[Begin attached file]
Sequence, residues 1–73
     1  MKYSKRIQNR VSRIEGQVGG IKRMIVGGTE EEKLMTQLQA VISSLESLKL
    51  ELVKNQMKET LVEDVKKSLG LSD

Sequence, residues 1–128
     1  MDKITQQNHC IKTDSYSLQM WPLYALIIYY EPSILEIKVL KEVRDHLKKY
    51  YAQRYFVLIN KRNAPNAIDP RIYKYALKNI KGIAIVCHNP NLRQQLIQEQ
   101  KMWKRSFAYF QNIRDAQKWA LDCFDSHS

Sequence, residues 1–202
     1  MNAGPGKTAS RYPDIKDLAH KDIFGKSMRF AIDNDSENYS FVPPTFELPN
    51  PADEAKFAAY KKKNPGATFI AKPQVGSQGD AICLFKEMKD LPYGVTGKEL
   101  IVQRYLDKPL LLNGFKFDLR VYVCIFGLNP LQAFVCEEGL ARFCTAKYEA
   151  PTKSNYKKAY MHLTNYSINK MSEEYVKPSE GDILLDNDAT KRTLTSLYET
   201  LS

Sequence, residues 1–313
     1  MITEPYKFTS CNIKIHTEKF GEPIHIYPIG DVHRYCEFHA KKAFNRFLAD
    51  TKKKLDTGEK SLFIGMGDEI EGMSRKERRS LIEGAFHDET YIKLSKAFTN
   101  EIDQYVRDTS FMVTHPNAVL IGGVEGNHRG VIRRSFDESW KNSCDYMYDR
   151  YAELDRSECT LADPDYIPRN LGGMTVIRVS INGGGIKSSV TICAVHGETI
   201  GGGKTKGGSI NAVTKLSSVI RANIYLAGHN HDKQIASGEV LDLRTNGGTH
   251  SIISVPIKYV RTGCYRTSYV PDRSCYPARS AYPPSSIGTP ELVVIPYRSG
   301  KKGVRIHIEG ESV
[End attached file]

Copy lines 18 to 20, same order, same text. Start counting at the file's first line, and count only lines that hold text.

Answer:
   151  YAELDRSECT LADPDYIPRN LGGMTVIRVS INGGGIKSSV TICAVHGETI
   201  GGGKTKGGSI NAVTKLSSVI RANIYLAGHN HDKQIASGEV LDLRTNGGTH
   251  SIISVPIKYV RTGCYRTSYV PDRSCYPARS AYPPSSIGTP ELVVIPYRSG